The Kos Minars are medieval milestones that were made by the Afghan Ruler Sher Shah Suri and later on by Mughal emperors. These Minars were erected by the Mughal Emperors on the main highways across the empire to mark the distance. The Kos Minar is a solid round pillar,around 30 feet in height that stands on a masonry platform built with bricks and plastered over with lime.
Though not architecturally very impressive they were an important part of communication and travel in a large empire. Kos Minars were used to mark the royal route from Agra to Ajmer via Jaipur in the west, from Agra to Lahore via Delhi in the north and from Agra to Mandu via Shivpuri in the south. Modern Indian highways have come up along roughly the same routes as those marked by these minars.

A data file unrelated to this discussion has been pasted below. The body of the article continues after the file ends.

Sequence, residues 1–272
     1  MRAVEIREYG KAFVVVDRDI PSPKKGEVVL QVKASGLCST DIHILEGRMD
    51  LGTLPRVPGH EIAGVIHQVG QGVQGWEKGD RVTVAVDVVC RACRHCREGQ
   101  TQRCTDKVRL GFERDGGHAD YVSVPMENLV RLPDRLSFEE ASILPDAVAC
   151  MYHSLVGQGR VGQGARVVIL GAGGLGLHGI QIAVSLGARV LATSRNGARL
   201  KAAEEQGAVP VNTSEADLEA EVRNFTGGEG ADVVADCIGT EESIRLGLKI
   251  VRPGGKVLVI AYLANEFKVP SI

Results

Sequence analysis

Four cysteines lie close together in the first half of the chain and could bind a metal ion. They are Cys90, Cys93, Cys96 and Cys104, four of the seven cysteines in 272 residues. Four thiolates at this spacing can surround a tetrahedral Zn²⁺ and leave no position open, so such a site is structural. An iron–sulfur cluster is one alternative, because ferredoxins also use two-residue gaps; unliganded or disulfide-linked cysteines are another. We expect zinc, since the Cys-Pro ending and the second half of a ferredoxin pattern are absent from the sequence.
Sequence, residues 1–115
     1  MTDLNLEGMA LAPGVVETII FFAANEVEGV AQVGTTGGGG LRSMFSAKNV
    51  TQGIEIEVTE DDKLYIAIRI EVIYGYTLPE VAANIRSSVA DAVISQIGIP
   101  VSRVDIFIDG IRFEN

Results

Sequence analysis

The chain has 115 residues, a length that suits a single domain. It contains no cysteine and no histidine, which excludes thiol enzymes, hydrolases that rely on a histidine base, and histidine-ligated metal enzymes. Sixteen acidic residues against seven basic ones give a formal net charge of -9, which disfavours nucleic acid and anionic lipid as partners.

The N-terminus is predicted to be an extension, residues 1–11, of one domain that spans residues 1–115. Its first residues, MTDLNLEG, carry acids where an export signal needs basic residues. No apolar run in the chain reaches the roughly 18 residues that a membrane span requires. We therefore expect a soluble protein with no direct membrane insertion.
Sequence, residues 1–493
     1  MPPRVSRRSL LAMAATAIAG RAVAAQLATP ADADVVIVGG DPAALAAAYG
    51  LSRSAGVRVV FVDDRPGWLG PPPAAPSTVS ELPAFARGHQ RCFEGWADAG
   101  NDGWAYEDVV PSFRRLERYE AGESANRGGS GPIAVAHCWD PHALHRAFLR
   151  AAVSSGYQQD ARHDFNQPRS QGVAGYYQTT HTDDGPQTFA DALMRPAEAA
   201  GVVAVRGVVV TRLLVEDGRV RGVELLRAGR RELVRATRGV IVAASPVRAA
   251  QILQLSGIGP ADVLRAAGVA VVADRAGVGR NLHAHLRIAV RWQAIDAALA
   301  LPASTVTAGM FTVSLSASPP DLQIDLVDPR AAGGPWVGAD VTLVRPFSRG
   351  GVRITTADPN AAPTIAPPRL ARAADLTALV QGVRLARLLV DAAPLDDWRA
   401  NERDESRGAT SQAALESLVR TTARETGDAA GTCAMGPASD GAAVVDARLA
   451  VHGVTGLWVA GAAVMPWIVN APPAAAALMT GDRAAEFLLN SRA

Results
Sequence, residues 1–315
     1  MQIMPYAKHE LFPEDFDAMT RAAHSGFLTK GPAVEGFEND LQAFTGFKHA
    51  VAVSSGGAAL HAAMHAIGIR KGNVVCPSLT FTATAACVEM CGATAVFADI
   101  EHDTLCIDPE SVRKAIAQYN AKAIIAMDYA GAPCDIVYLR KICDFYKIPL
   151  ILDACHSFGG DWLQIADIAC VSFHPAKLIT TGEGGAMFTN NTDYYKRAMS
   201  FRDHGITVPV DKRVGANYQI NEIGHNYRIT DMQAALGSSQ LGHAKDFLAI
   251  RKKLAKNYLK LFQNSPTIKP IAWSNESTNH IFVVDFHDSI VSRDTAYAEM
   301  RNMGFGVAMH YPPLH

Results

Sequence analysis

Over the years these road monuments have gone into a state of disrepair and are almost lost in obscurity. Along India’s old highways, particularly the Grand Trunk Road, one still finds Kos Minar.
According to a report of the Archeology Survey of India, there are 49 Kos Minars in Haryana. There are also five kos minars around Ludhiana city. Of late some of these Minars have been restored and attempts for preserving many others are online.
There is a preserved Kos Minar in Lahore, near the tomb of Ali Mardan Khan. It probably lined the original G.T. Road, a few hundred meters north of it.